This day is a reason for visiting friends and family, or to invite them to your place for a large meal and celebration. Occasionally, women prefer to celebrate this day without any men - in Russian it is called 'devichnik'.
See more information about International
The Russian Government is doing its best to encourage a resurgence of traditional Russian holidays, in order to keep the rich culture and traditions alive in younger generations.
White Nights (Beliye Nochi) - This famous festival celebrates the high-point of summer in St Petersburg, when 24-hour sunshine bathes this beautiful city. Millions of tourist come from all over Russia, and around the world to celebrate this fantastic event! More on White Nights in St Petersburg...
Maslenitsa - Otherwise known as Pancake Week, this is a traditional celebration to mark the start of spring. It involves a week of different celebrations and customs - see more detail about Maslenitsa.
Medoviy Spas - "Honey Day" is celebrated on the 14th of August. This is the first of three days marking the harvest of crops that have been planted and prepared over summer, and ready for winter. This day marks the end of the bees gathering nectar, and is a signal that the people can begin to collect honey. The traditional custom was to bring honey to the church for blessing, and there were also many stalls displaying a vast array of pleasant tasting honeys.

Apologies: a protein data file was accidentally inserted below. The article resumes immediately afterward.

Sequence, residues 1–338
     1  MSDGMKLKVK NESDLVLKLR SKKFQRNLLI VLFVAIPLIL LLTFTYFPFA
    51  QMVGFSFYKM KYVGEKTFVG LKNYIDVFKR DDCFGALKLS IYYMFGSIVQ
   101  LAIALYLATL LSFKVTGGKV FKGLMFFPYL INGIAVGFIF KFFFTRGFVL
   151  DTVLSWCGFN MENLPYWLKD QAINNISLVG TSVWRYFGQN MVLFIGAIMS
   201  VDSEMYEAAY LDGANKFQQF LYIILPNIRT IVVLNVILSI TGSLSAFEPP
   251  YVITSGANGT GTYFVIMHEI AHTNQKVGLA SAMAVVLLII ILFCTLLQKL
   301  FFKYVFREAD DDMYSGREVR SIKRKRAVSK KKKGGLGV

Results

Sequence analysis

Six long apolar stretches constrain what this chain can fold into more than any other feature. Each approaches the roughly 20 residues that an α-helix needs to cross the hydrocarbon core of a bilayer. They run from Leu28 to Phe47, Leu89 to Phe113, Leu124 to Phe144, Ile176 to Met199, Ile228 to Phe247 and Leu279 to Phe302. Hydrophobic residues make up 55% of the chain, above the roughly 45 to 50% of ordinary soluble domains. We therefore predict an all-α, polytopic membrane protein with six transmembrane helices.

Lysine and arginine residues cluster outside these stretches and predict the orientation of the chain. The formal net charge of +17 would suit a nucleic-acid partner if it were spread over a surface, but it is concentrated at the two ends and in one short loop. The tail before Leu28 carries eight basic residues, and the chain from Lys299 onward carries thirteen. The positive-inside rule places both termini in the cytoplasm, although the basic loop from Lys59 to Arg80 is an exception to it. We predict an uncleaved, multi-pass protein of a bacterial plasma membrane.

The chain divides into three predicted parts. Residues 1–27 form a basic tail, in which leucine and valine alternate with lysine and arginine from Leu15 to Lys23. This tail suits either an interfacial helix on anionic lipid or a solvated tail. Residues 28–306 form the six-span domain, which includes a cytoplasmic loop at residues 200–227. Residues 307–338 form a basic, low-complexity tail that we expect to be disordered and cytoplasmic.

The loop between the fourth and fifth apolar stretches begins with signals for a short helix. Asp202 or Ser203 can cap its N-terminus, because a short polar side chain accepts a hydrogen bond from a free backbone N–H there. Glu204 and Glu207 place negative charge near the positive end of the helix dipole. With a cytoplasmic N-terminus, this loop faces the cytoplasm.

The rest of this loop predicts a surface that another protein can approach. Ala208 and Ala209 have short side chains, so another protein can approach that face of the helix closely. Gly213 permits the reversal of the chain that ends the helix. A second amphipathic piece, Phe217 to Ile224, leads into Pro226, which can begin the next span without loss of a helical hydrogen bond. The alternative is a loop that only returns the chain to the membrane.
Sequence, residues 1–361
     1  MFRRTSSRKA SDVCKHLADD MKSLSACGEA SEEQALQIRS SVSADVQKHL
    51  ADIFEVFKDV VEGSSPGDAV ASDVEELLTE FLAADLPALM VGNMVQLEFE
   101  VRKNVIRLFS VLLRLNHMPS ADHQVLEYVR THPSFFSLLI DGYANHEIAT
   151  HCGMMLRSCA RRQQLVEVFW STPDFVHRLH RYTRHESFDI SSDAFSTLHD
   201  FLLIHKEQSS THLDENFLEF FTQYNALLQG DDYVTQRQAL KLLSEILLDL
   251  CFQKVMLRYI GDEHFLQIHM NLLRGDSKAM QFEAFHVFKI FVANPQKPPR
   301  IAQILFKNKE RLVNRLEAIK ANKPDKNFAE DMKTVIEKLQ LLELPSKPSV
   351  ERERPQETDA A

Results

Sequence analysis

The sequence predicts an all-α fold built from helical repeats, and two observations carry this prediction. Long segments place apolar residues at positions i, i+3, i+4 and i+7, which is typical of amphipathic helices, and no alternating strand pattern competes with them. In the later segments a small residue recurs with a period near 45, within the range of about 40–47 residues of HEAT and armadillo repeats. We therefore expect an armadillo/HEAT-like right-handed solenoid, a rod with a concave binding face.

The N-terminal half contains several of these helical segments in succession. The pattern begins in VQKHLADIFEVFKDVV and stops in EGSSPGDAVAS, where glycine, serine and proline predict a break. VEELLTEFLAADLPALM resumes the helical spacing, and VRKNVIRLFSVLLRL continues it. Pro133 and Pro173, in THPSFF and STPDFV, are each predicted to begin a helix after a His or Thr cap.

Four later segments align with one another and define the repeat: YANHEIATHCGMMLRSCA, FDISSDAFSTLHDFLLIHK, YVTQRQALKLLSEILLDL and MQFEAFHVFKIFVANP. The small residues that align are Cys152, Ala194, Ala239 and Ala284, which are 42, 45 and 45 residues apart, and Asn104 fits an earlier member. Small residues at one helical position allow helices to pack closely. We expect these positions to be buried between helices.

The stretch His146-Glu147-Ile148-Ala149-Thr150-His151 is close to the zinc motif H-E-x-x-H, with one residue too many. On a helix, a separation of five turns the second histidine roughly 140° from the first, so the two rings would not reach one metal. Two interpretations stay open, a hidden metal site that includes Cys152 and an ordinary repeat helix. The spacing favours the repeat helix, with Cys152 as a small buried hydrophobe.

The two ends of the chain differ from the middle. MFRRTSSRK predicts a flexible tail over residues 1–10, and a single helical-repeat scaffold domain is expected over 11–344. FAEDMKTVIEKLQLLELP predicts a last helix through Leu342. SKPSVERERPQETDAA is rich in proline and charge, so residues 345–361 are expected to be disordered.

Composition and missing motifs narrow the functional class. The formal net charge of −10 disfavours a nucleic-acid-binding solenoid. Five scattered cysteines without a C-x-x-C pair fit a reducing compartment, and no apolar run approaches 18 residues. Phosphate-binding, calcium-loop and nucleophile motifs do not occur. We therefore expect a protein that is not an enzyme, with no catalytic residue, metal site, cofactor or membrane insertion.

Yablochniy Spas - "Apple Day" is celebrated on the 19th of August. Apples were ripening around this time, and again the custom was to pick them and bring them to the church for blessing. People eat apples with honey, and then participate in games, activities, and performances.
Orekhoviy Spas - Another 'harvest' celebration, this day is celebrated on the 29th of August, and marks the 'ripening' of nuts and grains. This is the last of the three harvest days, thus closing the time of celebration. It is a good time for all, as the cupboards are full with the harvest.
Name Days - In Russia, every name has a day on which it is celebrated. It is a very old tradition, celebrated not so much in Russian in modern times, but certainly it is widely known in all of countries that fell under the Soviet umbrella. Latvia, for example, still celebrates this tradition, and every day you can hear on the radio a congratulations for whichever name it happens to be on that particular day. You can greet someone with a small present, flowers, a cake, etc.
Tatyana's Day - On January 25th, Russians celebrate Tatyana's Day. Otherwise known as Student's Day, the occasion celebrates students across the country. It was named after Saint Tatyana, who lived in the late 2nd, early 3rd Century, and was killed for her beliefs in the Orthodox Religion.
In 1755, on the 25th of January (12th on the old calendar), Tatyana's day, the St Petersburg University was founded, and Tatyana became known as the patroness of students. On this day, top students in schools and universities receive awards, and the day also marks the beginning of the winter holidays for students in all high schools. Hence, it is one of the most popular Russian holidays for young people.